VATICAN CITY, DEC. 9, 2004 (Zenit.org).- Social integration of immigrants calls for finding “the proper balance between respect for their own identity and recognition of that of others,” says John Paul II.
The Pope proposes this in his message for the forthcoming World Day of Migrants and Refugees, to be observed Jan. 16, with the theme “Intercultural Integration.”
The message calls for the exclusion of “assimilationist models” that aim to homogenize culture differences, as well as the avoidance of forms of marginalization that “can even arrive at the choice of apartheid.”
In addressing the challenge of immigration faced by the world, the Holy Father states that “Many people use this word to denote the need for immigrants to be truly incorporated in the host country, but neither the content of this concept nor its practice is easy to define.”
For John Paul II, integration is not “assimilation,” which “leads migrants to suppress or to forget their own cultural identity. Rather, contact with others leads to discovering their ‘secret,’ to being open to them in order to welcome their valid aspects and thus contribute to knowing each one better.”
“In this process the migrant is intent on taking the necessary steps towards social inclusion, such as learning the national language and complying with the laws and requirements at work, so as to avoid the occurrence of exasperated differentiation,” the Pope adds.
The papal message, presented to the press by Cardinal Stephen Fumio Hamao, president of the Pontifical Council for Migrants and Travelers, acknowledges that “immigrants often become more aware of who they are, especially when they miss the persons and values that are important to them.”
Therefore, in “our society, characterized by the global phenomenon of migration, individuals must seek the proper balance between respect for their own identity and recognition of that of others,” the Holy Father continues.
“Indeed, it is necessary to recognize the legitimate plurality of cultures present in a country, in harmony with the preservation of law and order, on which depend social peace and the freedom of citizens,” he stresses.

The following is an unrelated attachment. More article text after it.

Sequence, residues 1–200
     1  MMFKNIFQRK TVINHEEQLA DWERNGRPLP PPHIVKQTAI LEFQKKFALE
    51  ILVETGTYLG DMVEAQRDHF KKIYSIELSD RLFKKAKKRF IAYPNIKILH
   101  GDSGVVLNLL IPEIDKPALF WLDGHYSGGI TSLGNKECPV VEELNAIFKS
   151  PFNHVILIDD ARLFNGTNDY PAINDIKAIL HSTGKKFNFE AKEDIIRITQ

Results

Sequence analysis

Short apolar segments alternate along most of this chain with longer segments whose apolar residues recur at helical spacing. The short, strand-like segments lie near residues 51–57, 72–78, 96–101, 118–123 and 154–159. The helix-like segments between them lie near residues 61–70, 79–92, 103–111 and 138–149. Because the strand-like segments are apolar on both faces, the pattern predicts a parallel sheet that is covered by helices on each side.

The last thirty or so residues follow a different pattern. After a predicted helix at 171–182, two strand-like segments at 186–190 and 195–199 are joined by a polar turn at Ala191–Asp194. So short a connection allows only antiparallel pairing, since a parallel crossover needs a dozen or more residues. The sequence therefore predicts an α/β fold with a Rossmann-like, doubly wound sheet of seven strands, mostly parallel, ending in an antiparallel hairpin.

The Pope emphasizes that “it is essential to exclude on the one hand assimilationist models that tend to transform those who are different into their own copy, and on the other, models of marginalization of immigrants, with attitudes that can even arrive at the choice of apartheid.”
“The way to take is the path of genuine integration with an open outlook that refuses to consider solely the differences between immigrants and the local people,” John Paul II states.
Thus the need arises “for a dialogue between people of different cultures in a context of pluralism that goes beyond mere tolerance and reaches sympathy,” he adds.
“A simple juxtaposition of groups of migrants and locals tends to encourage a reciprocal closure between cultures, or the establishment, among them, of relations that are merely superficial or tolerant,” he warns.
“It will, of course, be necessary to combine the principle of respect for cultural differences with the protection of values that are in common and inalienable, because they are founded on universal human rights,” the Pontiff explains.
In this climate of dialogue, “Christians cannot give up proclaiming the Gospel of Christ to all creation,” he writes. “Obviously, they must do so with respect for the conscience of others, always resorting to the method of charity, as St Paul had already recommended to the early Christians.”